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Doing Their Part

Posted Aug 6, 2010

Every linebacker is chipping in, willing to line up wherever the team needs them in the wake of Elvis Dumervil's injury.


ENGLEWOOD, Colo. -- As training camp standout Matthew Willis likes to say, "The more you can do, the more you can do."

That might as well be the motto of the Broncos' linebacking corps.

In the wake of the news that Elvis Dumervil will miss an indefinite amount of time with a pectoral injury, his position group's depth and versatility has been put under the spotlight on the practice field at Dove Valley.

"Being in the league quite a while now, you have to understand that it's just part of the league," Akin Ayodele said. "It's what happens. Guys get hurt and other guys have to step up. You can't replace the man, but you've got to step up and get in there and do the best job you can."

Ayodele is one of the players rotating into the starting lineup at inside linebacker alongside Wesley Woodyard as D.J. Williams has sat out the past few practices. Recent acquisition Joe Mays has seen increased duty on the inside, as well, and Mario Haggan -- who made the transition to inside linebacker this offseason after starting 16 games at outside linebacker last season -- split time Friday between the inside and outside after Jarvis Moss headed to the locker room early.

Moss and Robert Ayers have typically lined up as the starting outside linebackers in Dumervil's absence, but Haggan and rookie Jammie Kirlew have also seen their reps at the position increase.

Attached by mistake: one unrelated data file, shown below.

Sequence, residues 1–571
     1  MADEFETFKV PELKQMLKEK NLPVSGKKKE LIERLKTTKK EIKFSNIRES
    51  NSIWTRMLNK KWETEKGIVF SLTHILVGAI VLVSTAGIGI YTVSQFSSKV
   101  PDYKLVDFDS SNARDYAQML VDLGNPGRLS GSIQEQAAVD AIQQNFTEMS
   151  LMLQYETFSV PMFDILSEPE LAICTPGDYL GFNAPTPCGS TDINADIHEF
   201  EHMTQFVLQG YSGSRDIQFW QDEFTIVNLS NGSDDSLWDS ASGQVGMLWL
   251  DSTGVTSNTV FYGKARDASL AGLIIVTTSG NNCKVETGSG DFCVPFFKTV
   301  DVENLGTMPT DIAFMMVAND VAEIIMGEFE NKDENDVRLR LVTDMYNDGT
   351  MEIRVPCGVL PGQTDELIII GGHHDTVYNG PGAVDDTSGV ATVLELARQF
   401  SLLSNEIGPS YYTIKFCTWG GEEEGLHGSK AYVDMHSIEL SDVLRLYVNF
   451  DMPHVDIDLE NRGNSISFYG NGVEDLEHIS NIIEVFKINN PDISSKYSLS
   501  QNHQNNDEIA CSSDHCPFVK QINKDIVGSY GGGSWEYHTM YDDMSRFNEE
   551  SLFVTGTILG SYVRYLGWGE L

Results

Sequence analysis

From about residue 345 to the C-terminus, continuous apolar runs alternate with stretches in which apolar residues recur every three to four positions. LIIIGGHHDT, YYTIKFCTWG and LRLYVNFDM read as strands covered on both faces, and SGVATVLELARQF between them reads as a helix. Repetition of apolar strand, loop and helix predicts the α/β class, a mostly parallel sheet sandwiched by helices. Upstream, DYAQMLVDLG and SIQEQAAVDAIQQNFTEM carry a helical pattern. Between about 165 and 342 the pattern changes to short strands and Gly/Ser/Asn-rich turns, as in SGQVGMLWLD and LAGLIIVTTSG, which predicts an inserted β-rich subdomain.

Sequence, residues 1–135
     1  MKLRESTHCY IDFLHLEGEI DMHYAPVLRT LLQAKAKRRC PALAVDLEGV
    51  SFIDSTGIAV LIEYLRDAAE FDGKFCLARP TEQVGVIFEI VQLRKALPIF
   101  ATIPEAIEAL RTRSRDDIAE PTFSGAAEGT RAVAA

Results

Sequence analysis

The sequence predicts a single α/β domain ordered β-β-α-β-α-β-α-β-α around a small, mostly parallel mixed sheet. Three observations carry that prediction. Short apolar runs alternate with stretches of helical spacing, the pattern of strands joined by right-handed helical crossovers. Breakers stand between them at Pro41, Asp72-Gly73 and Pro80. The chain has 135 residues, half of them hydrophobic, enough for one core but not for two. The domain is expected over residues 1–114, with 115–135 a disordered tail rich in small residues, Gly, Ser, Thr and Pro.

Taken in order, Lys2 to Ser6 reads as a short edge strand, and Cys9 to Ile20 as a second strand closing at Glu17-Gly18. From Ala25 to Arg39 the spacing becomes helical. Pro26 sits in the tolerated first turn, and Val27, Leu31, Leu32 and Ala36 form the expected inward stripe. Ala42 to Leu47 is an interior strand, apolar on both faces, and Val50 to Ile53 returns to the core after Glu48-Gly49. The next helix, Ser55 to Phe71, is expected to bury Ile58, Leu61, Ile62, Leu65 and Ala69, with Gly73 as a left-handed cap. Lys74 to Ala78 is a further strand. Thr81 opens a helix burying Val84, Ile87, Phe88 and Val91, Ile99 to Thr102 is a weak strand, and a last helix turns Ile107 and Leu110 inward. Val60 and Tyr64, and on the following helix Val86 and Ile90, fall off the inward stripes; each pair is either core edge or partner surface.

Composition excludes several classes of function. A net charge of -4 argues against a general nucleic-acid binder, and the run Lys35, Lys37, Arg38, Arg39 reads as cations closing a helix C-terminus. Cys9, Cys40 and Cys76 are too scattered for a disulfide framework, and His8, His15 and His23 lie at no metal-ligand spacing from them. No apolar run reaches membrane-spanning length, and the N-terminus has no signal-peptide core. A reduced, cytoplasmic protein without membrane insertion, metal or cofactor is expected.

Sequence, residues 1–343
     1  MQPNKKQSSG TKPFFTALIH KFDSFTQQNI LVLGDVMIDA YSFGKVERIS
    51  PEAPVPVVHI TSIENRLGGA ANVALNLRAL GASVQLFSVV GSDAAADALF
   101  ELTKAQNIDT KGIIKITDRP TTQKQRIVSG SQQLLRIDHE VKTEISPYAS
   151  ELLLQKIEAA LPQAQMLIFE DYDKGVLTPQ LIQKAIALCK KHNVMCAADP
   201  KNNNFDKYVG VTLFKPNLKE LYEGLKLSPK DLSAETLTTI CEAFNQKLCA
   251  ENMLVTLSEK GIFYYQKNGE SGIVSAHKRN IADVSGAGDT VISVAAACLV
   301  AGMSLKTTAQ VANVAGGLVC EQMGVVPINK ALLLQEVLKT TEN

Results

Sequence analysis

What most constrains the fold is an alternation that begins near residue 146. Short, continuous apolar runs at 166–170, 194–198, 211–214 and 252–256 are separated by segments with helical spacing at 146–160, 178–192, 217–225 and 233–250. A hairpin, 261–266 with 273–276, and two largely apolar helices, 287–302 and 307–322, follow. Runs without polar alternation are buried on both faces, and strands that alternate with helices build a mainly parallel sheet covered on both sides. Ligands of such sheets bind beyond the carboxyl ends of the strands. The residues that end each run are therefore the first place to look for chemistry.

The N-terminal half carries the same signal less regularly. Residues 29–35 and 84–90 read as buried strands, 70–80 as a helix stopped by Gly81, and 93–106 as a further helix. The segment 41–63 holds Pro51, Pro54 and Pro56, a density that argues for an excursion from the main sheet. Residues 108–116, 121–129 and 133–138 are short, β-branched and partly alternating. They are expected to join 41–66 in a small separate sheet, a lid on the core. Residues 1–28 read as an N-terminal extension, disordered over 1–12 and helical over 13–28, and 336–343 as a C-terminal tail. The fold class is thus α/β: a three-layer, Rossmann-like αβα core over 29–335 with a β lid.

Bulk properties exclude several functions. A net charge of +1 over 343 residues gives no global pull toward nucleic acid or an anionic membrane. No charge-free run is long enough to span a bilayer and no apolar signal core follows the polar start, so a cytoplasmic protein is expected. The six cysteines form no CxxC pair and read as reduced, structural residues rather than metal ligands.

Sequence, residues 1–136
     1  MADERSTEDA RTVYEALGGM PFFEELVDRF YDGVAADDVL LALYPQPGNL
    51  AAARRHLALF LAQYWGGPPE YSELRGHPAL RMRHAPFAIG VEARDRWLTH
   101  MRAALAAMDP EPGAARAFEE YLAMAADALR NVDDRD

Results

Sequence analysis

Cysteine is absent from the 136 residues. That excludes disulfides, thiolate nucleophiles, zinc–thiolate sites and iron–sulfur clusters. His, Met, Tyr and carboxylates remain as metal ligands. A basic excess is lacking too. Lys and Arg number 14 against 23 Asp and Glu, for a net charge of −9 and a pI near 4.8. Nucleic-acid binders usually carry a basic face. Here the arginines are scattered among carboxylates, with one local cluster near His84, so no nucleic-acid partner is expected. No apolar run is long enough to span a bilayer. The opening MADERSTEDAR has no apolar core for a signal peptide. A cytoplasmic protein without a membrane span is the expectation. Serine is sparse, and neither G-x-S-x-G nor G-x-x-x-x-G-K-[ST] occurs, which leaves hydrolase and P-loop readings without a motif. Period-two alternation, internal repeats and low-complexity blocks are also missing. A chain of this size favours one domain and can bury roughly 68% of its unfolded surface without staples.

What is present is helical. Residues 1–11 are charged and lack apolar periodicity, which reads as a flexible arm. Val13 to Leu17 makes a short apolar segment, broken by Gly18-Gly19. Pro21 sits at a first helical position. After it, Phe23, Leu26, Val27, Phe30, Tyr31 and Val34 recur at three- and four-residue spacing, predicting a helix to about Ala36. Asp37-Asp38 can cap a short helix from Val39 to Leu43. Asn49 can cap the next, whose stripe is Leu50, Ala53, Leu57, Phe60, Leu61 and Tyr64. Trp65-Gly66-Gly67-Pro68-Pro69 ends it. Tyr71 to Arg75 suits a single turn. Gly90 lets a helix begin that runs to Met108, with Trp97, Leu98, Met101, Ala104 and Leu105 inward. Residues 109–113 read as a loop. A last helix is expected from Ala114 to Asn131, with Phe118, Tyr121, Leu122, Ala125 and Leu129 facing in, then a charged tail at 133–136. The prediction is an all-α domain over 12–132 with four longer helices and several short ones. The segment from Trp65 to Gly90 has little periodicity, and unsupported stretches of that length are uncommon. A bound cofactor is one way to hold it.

In other words, Friday morning's practice resembled a linebacking corps by committee.

"That's something that we have in the linebacker room, playmakers and guys that are able to play different positions," Woodyard said.

Woodyard has taken virtually all of the snaps at one of the inside linebacker positions during the past few days of practice.

"Wood, he's experienced now in our system," Head Coach Josh McDaniels said. "He's definitely a physical player with great speed and has certainly played a lot in our nickel and dime packages in the years past, but he's really showing the ability to be able to play in there on that weak side. He is just a guy that deserves what he is getting right now because he's earning it every day. I think he's a great example for some of the younger players -- not a highly-touted player in terms of where he was drafted when he came out, but he's worked his way into a great role for our football team."

The former undrafted free agent found playing time as a rookie and earned the respect of his teammates in the process. Last season, he was voted a team captain, and his dedication this offseason earned him another honor from his teammates -- being named an Offseason Award Winner.

McDaniels noted that Woodyard is bigger than he was last season, preparing him for the pounding required of an inside linebacker.